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RENAISSANCE

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maddie cottam

on 5 October 2015

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Transcript of RENAISSANCE

The Renaissance was a time of rebirth in learning, science & the arts throughout Europe. The rediscovery of the writings of ancient Greece & Rome led to renewed interest in learning. It was a bridge between the middle ages & the Modern era, with revolutions in many intellectual pursuits.

Art
: Leonardo da Vinci, Michelangelo, Galileo

The Renaissance Scholar was expected to master all branches of knowledge. Leonardo da Vinci had an insatiable desire to know everything - held up as the ideal Renaissance man.

First
printer
invented 1450
RENAISSANCE
VOCAL MUSIC
Motet
- unaccompanied choral composition based on sacred Latin text not used in a mass
INSTRUMENTAL MUSIC
Instruments grouped into:
CONSORTS or MIXED CONSORTS
Canzona, Ricercar, Toccata
Use of Dance Forms (pavane/galliard)
RENAISSANCE
INSTRUMENTS
Some more.....
Crumhorn, Hurdygurdy, Natural Trumpet
COMPOSERS
John Dowland
1563 - 1626
MUSICAL
ELEMENTS
The Renaissance is an important time period for modern music and musical instruments. Many styles and techniques came about in this time. More importantly, most of the instruments that we see today have evolved from instruments from the Renaissance.
RHYTHM
smooth / regular / flow
metre generally unstressed
TONALITY
Mostly modal, accidentals creeping in as period progressed.
'Musica Ficta' - the avoidance of 'diabolus in musica' - Tritone
HARMONY
Rich
TEXTURE
Mainly Polyphonic
'seemingly seamless'
GENRE/ FORM
Determined by text, Cantus Firmus
Mass, Motet, Madrigal, Lute Song
DYNAMICS
Not indicated
TIMBRE
Primarily Vocal
Homogeneous Families of Instruments
MELODY
Conjunct & relatively unarticulated
Tone painting,
vocally derived
REEDS
The Shawm
- ancestor to double reed instruments:
Oboe, Bassoon, English horn
Popular for outdoor use during the Renaissance.
BRASS
curved
straight
muted
Serpent
RECORDERS
Made from one cylindrical piece of wood.
One thumb hole & seven finger holes - 2 octaves. Small ones were made out of 1 piece of wood, whereas the larger ones were made out of several & had a key for the lower notes.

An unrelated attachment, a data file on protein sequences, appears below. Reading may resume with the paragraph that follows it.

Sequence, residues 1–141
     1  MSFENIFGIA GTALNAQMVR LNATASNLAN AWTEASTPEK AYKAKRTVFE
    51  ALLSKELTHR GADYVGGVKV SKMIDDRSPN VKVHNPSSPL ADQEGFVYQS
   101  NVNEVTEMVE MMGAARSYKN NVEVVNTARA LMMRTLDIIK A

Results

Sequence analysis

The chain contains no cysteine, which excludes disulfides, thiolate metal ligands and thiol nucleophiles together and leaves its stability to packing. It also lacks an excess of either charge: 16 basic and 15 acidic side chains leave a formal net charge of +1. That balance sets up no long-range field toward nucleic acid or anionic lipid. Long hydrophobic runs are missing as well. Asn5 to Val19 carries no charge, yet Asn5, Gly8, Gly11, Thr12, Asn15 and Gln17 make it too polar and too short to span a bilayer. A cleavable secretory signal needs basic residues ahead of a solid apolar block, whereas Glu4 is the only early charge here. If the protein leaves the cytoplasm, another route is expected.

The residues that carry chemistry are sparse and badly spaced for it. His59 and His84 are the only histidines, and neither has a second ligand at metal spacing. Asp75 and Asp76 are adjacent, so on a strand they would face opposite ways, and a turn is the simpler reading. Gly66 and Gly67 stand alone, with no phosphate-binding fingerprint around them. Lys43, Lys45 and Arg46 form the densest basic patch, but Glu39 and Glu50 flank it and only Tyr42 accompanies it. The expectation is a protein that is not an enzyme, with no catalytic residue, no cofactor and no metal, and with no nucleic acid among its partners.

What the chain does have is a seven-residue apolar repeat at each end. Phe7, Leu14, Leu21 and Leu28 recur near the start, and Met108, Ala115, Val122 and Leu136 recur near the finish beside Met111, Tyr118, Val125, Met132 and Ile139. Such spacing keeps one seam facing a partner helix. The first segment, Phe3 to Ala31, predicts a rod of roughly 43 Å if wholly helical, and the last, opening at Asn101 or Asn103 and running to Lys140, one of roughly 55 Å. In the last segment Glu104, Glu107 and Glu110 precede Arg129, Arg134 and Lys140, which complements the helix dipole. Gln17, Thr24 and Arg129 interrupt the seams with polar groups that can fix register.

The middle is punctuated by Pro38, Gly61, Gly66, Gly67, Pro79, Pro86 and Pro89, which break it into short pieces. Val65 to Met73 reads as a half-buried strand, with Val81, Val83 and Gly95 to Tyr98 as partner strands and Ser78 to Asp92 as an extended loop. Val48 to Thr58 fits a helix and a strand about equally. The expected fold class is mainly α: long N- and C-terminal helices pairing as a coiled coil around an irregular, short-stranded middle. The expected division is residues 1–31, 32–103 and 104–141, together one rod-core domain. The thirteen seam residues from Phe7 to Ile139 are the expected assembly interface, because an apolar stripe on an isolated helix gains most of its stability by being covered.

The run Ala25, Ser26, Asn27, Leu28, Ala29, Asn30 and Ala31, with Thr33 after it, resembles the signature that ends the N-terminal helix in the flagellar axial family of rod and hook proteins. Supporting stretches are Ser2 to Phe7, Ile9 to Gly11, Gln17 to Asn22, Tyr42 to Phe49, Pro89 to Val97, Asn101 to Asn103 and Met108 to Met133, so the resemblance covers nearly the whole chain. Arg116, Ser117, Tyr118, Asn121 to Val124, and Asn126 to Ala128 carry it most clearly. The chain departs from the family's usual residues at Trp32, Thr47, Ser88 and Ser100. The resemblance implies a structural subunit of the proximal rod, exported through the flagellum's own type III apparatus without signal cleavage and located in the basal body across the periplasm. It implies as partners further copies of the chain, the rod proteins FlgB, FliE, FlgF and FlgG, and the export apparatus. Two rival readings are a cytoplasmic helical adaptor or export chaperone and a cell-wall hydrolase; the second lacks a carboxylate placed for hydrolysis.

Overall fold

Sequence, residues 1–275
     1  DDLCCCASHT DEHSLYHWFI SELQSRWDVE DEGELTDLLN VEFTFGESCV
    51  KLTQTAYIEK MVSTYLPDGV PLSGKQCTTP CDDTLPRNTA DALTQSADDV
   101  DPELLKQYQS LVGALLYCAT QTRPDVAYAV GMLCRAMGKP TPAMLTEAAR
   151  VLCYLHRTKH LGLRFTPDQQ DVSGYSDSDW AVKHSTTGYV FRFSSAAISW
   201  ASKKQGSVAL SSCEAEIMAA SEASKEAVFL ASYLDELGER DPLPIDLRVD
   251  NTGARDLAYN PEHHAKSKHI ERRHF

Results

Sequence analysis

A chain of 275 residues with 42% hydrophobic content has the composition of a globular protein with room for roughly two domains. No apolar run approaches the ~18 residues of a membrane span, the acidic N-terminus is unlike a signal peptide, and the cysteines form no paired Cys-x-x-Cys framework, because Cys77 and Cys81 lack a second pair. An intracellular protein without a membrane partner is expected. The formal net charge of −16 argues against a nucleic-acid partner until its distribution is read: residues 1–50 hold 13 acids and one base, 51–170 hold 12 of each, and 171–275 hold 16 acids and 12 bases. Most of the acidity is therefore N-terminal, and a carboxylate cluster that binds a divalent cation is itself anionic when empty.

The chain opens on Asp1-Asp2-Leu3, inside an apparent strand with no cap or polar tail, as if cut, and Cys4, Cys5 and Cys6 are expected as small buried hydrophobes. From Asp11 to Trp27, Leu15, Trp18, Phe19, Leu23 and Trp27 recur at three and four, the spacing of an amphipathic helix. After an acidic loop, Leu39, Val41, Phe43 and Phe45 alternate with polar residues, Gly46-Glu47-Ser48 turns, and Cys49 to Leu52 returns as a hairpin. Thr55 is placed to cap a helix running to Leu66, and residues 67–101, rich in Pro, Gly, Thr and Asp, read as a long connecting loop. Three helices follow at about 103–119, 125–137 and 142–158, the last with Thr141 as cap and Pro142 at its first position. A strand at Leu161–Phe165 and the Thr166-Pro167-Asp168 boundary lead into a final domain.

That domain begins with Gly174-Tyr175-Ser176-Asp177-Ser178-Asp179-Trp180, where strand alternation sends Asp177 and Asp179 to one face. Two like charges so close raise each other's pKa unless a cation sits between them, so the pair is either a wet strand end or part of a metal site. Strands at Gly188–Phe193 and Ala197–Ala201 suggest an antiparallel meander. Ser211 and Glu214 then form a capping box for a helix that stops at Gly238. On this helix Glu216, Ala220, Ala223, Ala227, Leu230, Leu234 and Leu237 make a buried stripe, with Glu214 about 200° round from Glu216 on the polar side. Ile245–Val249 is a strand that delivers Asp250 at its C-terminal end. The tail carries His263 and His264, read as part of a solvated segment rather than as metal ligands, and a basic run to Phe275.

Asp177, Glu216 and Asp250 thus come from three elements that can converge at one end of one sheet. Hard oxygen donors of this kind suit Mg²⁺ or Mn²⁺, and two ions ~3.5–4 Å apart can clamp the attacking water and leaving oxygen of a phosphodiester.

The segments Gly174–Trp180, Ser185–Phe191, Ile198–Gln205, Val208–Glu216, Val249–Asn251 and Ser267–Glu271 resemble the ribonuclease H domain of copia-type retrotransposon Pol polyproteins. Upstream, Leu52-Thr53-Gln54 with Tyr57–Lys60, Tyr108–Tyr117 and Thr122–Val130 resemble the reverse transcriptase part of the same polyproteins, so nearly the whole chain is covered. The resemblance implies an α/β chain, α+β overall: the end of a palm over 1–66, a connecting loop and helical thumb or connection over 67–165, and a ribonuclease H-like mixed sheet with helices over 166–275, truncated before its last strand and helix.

Very popular in England - simple to play.
PLUCKED STRINGS
Harp, Lute, Guitar
(strings made from twisted animal gut, horse hair or silk)





During the Renaissance the Lute held the highest respect of all musical instruments. Plectrums were replaced by fingertips to provide delicacy, expressiveness & nuances of performance, also facilitated complex polyphony.

The lute became the perfect solo instrument as well as an ideal accompaniment for the voice & other soft instruments. Vast repertoire of secular music.
BOWED STRINGS
Unfretted
: fiddles, violin family

Fretted
: viols, superficially like violins and played with a bow. Bow is slightly convex and held palm outwards (in contrast to concave modern bow). Also has 6 strings rather than 4 along with frets.

viola da braccia

viola da gamba
(held over the arm)

(held between the legs)
FLUTES
Wooden, with holes not keys (except for lowest note) similar to a fife.
KEYBOARD
Organ
- large church organ
Harpsichord

- strings plucked by quills
Clavichord
- strings struck by metal tangents
Virginal(s)
- smaller & simpler version of harpsichord, often with no legs
PERCUSSION
Drums

- pipe & tabor
- various types of drum
- tambourine
- bells

A guide to Medieval & Renaissance instruments:
http://www.music.iastate.edu/antiqua/instrumt.html
G. Palestrina
1525-1594
(a selection)
Lassus
1532 - 1594
REBIRTH
1400-1600

Another type of curved cornett is a serpent.
A bass cornett, curved to reach the finger holes
Cornetts
Cornetts - made out of wood, played by buzzing lips into mouthpiece. 3 main types: